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Arthritis Rheum. 1994 May;37(5):729-35.

Improved pulmonary function in systemic sclerosis after treatment with cyclophosphamide.

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Department of Rheumatology, Lund University Hospital, Sweden.



Pulmonary fibrosis is a common feature of systemic sclerosis (SSc) and a major cause of morbidity and mortality. Since alveolitis may be an essential step in the development of pulmonary fibrosis, we investigated the use of immunosuppressive drug therapy to improve pulmonary function in patients with SSc.


Eighteen patients with progressive pulmonary dysfunction, diminished vital capacity (VC), and/or decreased static lung compliance (Cst) were treated with cyclophosphamide and corticosteroids for 1 year. Eight patients had diffuse cutaneous SSc and 10 had limited cutaneous SSc. The median disease duration was 2.5 years (range 0.5-17 years).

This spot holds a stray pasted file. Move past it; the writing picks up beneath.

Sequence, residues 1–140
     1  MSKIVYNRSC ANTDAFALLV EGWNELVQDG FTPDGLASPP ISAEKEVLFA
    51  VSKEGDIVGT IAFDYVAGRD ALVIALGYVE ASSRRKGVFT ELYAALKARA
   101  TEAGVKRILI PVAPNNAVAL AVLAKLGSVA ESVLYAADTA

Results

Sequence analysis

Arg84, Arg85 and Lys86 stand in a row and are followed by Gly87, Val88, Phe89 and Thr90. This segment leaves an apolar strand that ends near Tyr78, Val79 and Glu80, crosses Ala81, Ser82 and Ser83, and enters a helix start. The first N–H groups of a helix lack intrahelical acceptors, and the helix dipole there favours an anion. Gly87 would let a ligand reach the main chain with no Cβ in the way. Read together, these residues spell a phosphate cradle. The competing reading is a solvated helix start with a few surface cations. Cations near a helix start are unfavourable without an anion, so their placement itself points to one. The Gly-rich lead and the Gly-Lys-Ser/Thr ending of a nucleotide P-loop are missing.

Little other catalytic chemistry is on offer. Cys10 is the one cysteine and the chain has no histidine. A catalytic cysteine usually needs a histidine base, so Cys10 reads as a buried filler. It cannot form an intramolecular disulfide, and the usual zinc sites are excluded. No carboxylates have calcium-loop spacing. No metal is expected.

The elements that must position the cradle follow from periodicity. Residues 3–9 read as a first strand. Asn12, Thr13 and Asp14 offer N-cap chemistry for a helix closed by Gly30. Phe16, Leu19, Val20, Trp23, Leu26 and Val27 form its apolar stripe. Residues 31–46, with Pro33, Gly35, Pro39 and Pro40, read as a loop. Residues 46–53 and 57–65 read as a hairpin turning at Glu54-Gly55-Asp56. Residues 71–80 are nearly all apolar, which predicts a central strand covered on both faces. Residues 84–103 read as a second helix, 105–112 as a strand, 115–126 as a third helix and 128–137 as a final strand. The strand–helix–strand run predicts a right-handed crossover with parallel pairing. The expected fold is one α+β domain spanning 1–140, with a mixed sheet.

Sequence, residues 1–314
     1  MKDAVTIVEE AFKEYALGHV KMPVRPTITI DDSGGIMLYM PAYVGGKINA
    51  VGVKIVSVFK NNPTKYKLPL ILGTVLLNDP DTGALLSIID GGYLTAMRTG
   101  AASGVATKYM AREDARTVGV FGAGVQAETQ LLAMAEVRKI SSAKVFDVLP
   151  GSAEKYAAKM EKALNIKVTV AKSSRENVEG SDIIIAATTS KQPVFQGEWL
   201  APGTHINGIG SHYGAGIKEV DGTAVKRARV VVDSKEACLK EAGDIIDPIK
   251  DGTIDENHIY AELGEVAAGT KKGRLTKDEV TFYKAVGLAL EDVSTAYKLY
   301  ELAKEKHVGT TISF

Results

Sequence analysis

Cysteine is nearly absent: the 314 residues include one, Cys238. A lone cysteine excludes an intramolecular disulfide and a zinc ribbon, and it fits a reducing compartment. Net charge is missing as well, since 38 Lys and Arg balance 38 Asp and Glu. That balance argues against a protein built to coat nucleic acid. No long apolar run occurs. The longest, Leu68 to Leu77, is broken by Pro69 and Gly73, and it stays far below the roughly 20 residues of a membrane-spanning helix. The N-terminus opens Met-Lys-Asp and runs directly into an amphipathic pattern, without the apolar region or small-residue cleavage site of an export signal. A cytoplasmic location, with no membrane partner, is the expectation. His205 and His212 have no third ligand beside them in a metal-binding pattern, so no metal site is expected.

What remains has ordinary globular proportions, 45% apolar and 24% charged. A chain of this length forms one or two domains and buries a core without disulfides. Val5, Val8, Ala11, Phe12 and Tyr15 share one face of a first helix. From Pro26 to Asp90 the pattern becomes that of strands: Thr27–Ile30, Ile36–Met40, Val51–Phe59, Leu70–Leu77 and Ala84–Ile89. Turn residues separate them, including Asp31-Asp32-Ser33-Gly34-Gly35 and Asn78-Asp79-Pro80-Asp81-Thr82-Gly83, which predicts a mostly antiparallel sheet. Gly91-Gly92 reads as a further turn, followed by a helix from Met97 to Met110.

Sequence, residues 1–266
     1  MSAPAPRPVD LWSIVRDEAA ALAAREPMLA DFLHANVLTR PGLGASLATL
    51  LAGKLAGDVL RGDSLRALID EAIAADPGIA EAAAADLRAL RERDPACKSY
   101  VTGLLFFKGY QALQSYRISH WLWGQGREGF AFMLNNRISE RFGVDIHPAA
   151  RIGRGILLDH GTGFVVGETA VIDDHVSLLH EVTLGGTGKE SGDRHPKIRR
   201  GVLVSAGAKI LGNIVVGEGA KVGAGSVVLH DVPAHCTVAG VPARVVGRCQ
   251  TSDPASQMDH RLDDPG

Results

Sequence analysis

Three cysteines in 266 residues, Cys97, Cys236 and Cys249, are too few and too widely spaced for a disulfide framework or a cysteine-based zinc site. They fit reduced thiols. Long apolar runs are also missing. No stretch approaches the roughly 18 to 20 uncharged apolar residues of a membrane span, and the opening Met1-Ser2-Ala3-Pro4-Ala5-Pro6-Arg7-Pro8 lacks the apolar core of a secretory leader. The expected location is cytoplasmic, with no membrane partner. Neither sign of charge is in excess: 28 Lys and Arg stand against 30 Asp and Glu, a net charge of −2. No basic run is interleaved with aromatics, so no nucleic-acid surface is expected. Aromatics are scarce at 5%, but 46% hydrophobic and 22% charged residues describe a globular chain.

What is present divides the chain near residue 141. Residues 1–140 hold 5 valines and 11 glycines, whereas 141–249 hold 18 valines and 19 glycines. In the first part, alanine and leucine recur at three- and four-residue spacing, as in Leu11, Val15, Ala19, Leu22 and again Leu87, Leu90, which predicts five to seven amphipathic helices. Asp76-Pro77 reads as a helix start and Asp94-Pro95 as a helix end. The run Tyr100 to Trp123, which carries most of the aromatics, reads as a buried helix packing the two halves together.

VC increased in 14 of 18 patients and the median VC rose from 74% to 80% of predicted. Cst improved in 8 of 12 patients and the median Cst increased from 59% to 66% of predicted. Pulmonary nonfibrotic opacities disappeared in 9 of 12 patients. The erythrocyte sedimentation rate (ESR) and serum concentrations of orosomucoid, C-reactive protein, and aminopropeptide type III collagen all improved. The patients were divided into 2 groups based on the presence or absence of elevations in acute-phase protein levels and ESR before therapy. Among the 12 patients with biochemical signs of inflammation, VC increased in 11, and Cst improved or was unchanged in 7 of the 8 who were tested. The median VC in this subgroup increased from 73% to 80% of predicted and the median Cst increased from 57% to 60% of predicted. In the group of 18 patients overall, the skin score decreased, while esophageal and renal function remained stable.


Cyclophosphamide may have a beneficial effect on pulmonary fibrosis in patients with SSc and elevated levels of acute-phase proteins. Controlled trials of cyclophosphamide in pulmonary SSc should be performed and should focus on such patients.

[Indexed for MEDLINE]

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